But, the AddIn approach is a simpler to develop and certainly simpler and easier to deploy than a Modifier+VBA+COM DLL, so it has some benefits. Also, something I had forgotten about: AddIns can be setup with Event Handlers to automatically respond to events in GP. So, for instance, after a user selects a sales order in the SOP Transaction Entry window, the AddIn can automatically fire code to perform certain actions, which is a nice plus.

In case that appeals to you, I have created a sample AddIn project and included the link below.

Here are links to my projects and code:

Sample Send and Receive prototype apps

Project for GPMessage.dll COM assembly

GP 10 Package file with custom button and VBA

VBA Code by itself

Project for GPMessageAddIn (no Modifier or VBA required)


Christina Belding said...

Brilliant-simply brilliant Steve! I have been reading your blog for a while now (apologies for not commenting sooner), but this is just amazing! Don't let it bother you about it being New Years Eve either....sometimes that's the only quiet time we get right?

Your previous post on the integration manager search and destroy mission had me roaring as well. Thanks so very much for your many contributions, and happy 2010!!!

Steve Endow said...

Hi Christina,

Glad you enjoyed it. This little project one was one of the most interesting and unusual ways of integrating with GP that I've seen.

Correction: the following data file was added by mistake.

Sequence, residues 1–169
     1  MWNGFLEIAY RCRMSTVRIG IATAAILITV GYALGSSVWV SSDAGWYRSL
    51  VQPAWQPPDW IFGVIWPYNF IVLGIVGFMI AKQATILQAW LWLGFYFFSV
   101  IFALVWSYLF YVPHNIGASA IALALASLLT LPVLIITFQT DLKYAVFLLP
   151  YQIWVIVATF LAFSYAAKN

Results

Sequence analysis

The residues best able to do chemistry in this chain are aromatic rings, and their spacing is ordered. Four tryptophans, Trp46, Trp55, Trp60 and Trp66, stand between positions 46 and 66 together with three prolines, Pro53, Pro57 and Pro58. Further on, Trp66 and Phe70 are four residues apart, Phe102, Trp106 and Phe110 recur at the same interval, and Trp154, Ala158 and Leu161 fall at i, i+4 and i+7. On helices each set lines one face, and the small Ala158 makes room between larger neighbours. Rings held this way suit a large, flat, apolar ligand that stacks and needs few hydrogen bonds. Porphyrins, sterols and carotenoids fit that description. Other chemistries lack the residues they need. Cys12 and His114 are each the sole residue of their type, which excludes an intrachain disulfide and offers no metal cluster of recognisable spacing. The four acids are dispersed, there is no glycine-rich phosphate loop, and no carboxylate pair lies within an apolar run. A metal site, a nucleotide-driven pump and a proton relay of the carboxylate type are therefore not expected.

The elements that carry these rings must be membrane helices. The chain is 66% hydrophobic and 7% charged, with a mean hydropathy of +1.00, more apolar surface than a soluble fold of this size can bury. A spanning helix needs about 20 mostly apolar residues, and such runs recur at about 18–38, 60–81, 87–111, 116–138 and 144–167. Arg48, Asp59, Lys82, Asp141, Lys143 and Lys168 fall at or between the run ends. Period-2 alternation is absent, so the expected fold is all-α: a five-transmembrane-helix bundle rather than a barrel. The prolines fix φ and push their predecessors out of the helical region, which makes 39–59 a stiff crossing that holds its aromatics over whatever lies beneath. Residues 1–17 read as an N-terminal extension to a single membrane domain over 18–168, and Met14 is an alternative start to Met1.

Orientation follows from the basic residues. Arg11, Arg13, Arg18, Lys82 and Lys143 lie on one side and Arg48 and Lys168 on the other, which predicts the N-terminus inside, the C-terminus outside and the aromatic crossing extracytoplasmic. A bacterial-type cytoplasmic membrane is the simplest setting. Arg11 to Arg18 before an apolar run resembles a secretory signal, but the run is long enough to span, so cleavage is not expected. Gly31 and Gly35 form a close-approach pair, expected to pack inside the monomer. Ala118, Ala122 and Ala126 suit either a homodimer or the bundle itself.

And don't get me started on that Integration Manager mess... The things Propellerheads create! They think they are being clever, but they are just creating a monster.

Edwin F. López A. said...

Hi There.

It was very interesting what you have achieved on new year's eve...

But if you want a real challenge (and find fun in the run), try this (related to this post and a customer's request we could not fulfill as requested at the time):

From the InterCompany Audit Trail Inquiry window, use the given INTERID value to open a new instance of GP if the current company differs from it, logon on that company and make that second GP instance to drill down to the given account information after a click in an added button. It is like GP talking to itself (but in a different dimension :-) )

Good Luck!
(did I mention this was a real request we had from a customer?)